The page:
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How My Relationship With My Parents Improved After Moving to College

This article is written by a student writer from the Her Campus at FSU chapter.

The transition from living at home to moving out for college is a huge step in the lives of young adults. As individuals step out of the comfort of their childhood homes and into the unfamiliar territory of dormitories and off-campus apartments, they reach a pivotal moment of independence and self-discovery. While this transition is marked by excitement, anticipation, and newfound freedoms, it can also be a time of stress and adjustment, particularly in the relationships between students and their parents.

The shift to independence can create complexities and challenges that impact the dynamics between college students and their loved ones. Last fall when I started at Florida State University, I feared moving out would have a negative effect on my relationship with my parents, but I was pleasantly surprised when the opposite occurred. Throughout my freshman year, I discovered that distance really made our hearts grow founder and how imperative living on my own has been in shaping me into a young adult.

Growing Up In A Family-Oriented Environment

I come from a family-oriented upbringing with two sisters. We have always been very close-knit and supportive of each other. Family dinners were frequent, and I often spent weekends attending extracurricular events for myself or in support of my sisters. Prior to leaving for college, I spent the majority of my free time driving my sisters around and scheduling my plans around their sporting events so I could be in attendance. After moving out for my freshman year, I found myself with the most spare time I ever remember having. I had downtime after classes where I did not have to carpool and found my weekends free from softball tournaments and golf matches.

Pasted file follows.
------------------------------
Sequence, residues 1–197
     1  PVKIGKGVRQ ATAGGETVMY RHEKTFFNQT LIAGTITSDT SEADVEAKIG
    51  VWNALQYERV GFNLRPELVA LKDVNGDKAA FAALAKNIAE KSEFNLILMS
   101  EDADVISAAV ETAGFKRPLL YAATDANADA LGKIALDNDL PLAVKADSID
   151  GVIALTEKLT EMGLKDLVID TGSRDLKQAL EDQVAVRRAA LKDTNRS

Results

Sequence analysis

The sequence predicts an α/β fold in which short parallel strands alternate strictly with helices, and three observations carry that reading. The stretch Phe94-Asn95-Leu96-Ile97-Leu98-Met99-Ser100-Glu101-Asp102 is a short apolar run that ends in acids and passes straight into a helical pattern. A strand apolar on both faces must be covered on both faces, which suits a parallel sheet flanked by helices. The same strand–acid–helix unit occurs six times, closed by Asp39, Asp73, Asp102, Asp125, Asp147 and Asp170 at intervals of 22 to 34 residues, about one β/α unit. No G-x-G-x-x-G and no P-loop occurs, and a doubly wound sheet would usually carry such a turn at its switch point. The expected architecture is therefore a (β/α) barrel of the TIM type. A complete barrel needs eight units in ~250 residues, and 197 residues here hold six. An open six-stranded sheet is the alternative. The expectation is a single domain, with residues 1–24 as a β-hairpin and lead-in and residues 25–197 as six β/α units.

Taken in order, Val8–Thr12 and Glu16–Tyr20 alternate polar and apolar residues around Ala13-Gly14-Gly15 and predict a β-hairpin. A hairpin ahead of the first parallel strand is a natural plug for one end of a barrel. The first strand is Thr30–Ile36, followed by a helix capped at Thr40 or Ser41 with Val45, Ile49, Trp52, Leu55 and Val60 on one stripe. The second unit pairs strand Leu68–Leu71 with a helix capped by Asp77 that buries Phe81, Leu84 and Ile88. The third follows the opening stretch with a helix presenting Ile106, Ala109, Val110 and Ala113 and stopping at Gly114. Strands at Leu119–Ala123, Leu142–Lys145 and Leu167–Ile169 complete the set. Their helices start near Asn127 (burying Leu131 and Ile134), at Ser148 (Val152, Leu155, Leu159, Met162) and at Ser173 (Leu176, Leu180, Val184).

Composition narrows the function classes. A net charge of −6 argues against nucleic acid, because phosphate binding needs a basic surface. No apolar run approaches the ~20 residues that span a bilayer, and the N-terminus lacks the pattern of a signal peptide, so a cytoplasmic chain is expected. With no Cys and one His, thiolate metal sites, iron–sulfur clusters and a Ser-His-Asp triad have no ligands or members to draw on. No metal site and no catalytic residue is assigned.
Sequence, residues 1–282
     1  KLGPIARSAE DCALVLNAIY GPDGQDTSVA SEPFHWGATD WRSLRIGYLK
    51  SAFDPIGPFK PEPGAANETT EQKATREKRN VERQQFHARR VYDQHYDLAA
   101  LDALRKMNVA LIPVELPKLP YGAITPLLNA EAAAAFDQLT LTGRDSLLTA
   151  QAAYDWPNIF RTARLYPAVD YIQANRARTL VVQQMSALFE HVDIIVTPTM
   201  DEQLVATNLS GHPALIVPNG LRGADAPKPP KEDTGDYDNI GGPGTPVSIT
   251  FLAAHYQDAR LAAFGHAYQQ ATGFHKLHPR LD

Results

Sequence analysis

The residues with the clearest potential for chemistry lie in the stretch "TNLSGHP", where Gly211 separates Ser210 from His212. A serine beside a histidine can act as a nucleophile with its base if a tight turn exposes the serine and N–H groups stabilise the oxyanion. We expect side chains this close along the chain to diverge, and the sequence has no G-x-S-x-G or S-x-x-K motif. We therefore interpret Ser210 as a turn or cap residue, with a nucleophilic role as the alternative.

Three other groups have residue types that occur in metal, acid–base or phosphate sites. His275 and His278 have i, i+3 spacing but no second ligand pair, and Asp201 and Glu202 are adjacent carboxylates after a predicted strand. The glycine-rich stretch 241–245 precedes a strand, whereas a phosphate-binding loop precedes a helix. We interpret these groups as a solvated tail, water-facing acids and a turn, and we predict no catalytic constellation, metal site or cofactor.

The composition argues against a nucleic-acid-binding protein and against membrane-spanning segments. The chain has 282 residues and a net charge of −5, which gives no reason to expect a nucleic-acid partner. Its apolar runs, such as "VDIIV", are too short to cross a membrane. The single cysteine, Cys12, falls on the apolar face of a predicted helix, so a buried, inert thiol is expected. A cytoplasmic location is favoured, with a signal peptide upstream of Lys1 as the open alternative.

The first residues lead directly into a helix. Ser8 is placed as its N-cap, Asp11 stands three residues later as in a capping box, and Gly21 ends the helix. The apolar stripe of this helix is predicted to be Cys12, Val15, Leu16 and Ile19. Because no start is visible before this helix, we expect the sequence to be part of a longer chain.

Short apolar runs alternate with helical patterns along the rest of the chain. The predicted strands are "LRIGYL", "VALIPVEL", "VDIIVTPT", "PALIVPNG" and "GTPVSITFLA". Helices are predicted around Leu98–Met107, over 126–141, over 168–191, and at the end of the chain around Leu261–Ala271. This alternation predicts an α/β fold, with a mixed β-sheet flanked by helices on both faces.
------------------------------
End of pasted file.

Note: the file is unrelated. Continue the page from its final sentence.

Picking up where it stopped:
Although I dearly missed my dad’s home-cooked meals, I loved getting to eat a leisurely dinner whenever I wanted. No more rushed meals before everyone scatters for their extracurriculars. The freedom to grab a sit-down meal with friends or even stop by one of the restaurants on campus was so refreshing. Although it sounds selfish, I absolutely love getting to completely dictate my schedule while I am at school. Last year was the first time I got to try new things and participate in leisure activities because I was solely attending events for myself. This freedom allowed me to appreciate the moments when I do go back home and get thrown back into the busy family routine.

Communicating is Key

Thanks to modern technology, it was super easy to keep in touch with my parents during my freshman year. We frequently FaceTimed or talked over the phone. They were so excited to come to Tallahassee for Parents Weekend and see all of the places I had been telling them about. My mom especially loved receiving photos of my friends and me having fun. My parents were so content that I was able to navigate my freshman year away from home. Showcasing my ability to make smart decisions and keep up with my coursework created a newfound trust between my parents and me. This ultimately strengthened our relationship and improved my self-confidence in many aspects.

Although moving out is a huge step towards independence, it doesn’t mean you can’t stay close to your family. There is no need to fear that the transition will negatively impact your relationship with your parents. Twenty-first century technology has made it easier than ever to keep up with those you love while you’re away at school.

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I am currently a senior at Florida State University obtaining my undergraduate degree from The College of Communications. I am majoring in Media Communications and minoring in Social Entrepreneurship with an expected graduation date of May 2025.